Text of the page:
My Life, Our Future
Hemophilia is a genetic disorder that primarily affects men and boys. It is caused by a mutation in a gene that encodes instructions for making a clotting factor. The mutation interrupts the production of functional clotting factor protein, and as a result the ability of a person’s blood to clot is impaired. Through genetic testing, or genotyping, it is possible to identify the specific mutation, or genotype, responsible for a person’s hemophilia.
How is genotyping performed?
Genotyping, which is also called genetic testing, involves laboratory analysis of DNA to determine the specific mutation responsible for a person’s hemophilia. Genotyping is ordered by a patient’s physician and conducted by a specialized laboratory with expertise in hemophilia gene sequencing. It involves a simple blood test to obtain a small blood sample, which is sent to the specialized laboratory for testing. Once the analysis is performed, a clinical report summarizing the test results is sent to the physician who ordered the test and shared with the patient to inform treatment and care.
How is genotyping used in hemophilia?
Genotyping can provide unique and meaningful information about a person’s hemophilia. For example, certain genotypes have been associated with an increased risk of severe bleeding or inhibitors, a major complication of hemophilia that involves an immune response to treatment. Other uses of genotyping in hemophilia include carrier testing to assess whether a woman carries a mutation that could be passed on to her children. This information may aid in family planning, as well as inform special care procedures to protect the health of a newborn child and his mother.
How can genotyping be used to advance research in hemophilia?
Beyond the immediate applications in patient care, genotyping can also serve as a critical roadmap to greater scientific understanding of hemophilia. By thoroughly investigating the connections between the genetic cause of hemophilia and clinical outcomes, scientists may be able to identify new ways to improve management of the disorder through individualized treatment approaches.
Given these benefits, has genotyping been adopted by the hemophilia community?
Despite the potential benefits, nationally only about 20 percent of people with hemophilia have been genotyped. Outside of the U.S., developed countries, including Australia, Iceland and the United Kingdom, offer genotyping to people with hemophilia as a matter of standard care.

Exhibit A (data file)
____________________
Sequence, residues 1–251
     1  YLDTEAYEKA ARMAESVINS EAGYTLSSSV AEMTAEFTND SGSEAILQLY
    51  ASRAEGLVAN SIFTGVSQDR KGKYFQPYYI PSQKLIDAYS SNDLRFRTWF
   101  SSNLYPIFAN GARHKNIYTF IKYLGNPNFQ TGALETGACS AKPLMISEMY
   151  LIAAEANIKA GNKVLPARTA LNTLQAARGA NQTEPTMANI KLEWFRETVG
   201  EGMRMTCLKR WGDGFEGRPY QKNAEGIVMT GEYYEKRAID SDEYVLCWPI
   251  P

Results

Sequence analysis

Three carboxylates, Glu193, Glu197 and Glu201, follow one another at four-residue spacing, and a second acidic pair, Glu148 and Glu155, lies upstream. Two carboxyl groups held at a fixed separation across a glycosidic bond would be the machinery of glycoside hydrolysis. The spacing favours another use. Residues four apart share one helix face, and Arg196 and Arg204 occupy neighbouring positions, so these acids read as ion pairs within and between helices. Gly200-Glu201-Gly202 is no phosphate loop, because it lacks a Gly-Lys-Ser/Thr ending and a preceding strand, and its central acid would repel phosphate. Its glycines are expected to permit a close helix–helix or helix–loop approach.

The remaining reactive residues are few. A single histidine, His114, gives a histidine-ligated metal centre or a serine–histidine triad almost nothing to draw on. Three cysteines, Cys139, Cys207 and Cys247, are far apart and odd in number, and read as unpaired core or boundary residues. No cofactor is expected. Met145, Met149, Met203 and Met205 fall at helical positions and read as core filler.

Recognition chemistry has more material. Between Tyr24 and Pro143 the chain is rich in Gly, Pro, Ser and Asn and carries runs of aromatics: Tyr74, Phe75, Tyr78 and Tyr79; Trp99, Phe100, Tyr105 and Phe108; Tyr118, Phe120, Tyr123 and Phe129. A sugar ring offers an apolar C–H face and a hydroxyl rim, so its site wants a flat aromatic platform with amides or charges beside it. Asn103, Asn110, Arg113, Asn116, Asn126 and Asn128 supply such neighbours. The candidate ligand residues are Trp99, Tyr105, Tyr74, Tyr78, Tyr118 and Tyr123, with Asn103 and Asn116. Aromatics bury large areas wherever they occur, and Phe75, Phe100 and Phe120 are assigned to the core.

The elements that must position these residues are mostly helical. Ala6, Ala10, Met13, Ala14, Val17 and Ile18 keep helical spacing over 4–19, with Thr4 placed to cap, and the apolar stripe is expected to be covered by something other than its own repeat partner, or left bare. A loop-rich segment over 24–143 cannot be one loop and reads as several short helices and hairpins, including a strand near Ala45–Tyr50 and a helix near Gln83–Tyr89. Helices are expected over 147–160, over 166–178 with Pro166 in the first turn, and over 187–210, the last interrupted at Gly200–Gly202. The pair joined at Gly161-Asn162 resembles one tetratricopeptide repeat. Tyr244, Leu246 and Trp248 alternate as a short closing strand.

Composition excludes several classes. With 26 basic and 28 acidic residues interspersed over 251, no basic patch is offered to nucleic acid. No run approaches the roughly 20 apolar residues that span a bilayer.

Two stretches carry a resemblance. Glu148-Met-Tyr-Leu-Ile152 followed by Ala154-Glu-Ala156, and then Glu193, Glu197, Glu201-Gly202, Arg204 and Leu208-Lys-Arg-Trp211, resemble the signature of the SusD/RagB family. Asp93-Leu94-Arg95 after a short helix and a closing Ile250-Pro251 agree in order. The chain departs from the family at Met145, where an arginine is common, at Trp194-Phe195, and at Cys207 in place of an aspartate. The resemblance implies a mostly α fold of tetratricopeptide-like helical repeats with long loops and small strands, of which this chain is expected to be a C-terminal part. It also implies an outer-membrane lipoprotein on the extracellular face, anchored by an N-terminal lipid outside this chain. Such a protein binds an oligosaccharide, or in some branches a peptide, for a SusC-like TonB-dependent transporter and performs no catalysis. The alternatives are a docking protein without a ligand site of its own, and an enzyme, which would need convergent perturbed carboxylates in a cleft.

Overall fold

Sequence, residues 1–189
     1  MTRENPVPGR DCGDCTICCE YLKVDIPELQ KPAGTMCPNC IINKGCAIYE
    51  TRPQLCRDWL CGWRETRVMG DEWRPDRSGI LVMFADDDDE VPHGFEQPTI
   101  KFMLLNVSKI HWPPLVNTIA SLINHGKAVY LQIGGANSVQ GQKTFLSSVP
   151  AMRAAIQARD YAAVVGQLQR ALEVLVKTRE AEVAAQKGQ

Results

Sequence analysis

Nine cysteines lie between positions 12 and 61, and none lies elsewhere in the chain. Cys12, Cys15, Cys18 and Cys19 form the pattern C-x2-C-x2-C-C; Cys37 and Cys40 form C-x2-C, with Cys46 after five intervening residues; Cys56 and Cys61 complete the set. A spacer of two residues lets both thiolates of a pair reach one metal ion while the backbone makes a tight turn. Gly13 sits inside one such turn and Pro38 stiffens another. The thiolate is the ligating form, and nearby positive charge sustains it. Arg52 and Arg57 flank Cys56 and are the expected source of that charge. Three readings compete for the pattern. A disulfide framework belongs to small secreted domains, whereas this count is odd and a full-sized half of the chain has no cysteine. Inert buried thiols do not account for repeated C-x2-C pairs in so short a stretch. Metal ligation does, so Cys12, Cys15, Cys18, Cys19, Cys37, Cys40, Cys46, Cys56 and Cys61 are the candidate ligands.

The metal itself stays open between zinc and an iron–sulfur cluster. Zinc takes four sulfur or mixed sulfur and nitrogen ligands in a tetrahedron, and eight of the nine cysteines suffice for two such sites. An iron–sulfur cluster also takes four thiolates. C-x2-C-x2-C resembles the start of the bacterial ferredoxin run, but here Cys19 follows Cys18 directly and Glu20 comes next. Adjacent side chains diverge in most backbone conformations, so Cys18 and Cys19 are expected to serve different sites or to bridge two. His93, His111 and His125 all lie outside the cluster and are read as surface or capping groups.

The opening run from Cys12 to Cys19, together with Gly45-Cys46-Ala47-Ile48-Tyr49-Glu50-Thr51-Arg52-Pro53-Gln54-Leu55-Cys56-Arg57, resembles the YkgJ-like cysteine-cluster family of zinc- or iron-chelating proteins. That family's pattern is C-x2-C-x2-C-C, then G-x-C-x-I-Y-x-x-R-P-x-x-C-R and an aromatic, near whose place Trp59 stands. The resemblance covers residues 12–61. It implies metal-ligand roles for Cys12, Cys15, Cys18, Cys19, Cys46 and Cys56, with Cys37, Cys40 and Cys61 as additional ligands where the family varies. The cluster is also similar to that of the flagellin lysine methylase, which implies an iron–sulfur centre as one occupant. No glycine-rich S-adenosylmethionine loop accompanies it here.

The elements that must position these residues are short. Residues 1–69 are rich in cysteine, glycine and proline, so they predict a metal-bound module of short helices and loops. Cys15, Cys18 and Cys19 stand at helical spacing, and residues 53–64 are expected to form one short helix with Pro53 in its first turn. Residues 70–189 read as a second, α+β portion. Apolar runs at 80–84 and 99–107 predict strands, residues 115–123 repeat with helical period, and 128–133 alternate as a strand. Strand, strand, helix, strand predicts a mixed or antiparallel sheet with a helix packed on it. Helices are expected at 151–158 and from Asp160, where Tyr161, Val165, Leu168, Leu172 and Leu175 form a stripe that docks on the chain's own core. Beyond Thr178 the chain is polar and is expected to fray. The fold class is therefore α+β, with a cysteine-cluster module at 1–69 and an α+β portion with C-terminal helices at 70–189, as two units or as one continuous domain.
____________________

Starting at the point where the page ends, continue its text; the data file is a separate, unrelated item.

In a recent hemophilia community survey conducted by NHF, nearly 62 percent of people who had not been genotyped cited cost or insurance coverage restrictions as barriers. In the same survey, more than 75 percent of all respondents expressed strong interested in receiving a genotyping service.
What is My Life, Our Future?
My Life, Our Future is a new partnership between the American Thrombosis and Hemostasis Network (ATHN), the National Hemophilia Foundation (NHF), Puget Sound Blood Center (PSBC) and Biogen Idec Hemophilia that will offer free or very low cost genotyping analysis to people with hemophilia and their families through their local Hemophilia Treatment Center (HTC).
The initiative brings together leaders from all sectors of hemophilia care – patient advocates, healthcare providers, laboratory specialists and biotechnology industry scientists – to help people with hemophilia and their families gain greater control over their care by understanding their personal genetic profile, and to increase knowledge about hemophilia for future generations. The program hopes to catalyze research by adding genetic data to the ATHNdataset, an existing dataset under the stewardship of ATHN. With this enhanced database, scientific research may be accelerated to identify new treatment options and, perhaps one day, a potential cure for hemophilia.
How can people with hemophilia and their families participate in My Life, Our Future?
Beginning in 2013, My Life, Our Future will offer a genotyping service to people with hemophilia and their families through participating HTCs. Initially, the program will focus on providing genotyping to people with hemophilia. Over time, the program will be expanded to include family members who may carry the gene for hemophilia.
Participation will require a simple blood test, which will be sent to PSBC’s specialized laboratory for genetic testing and analysis. The HTC that ordered the test will then receive a report summarizing the genotyping results, which will be shared with patients and families to support individualized treatment and care.
Participants will also have the option to support scientific research by contributing their genotyping results and samples to a Research Sample and Data Repository under the stewardship of ATHN. In the future, scientists and researchers at academic institutions or companies will be able to apply for access to the data or samples through ATHN to support legitimate research projects. Participants’ names and other identifying information will not be provided to ATHN or to researchers, and the confidentiality of all participants will be strictly protected.
For more information, please visit www.MyLifeOurFuture.org.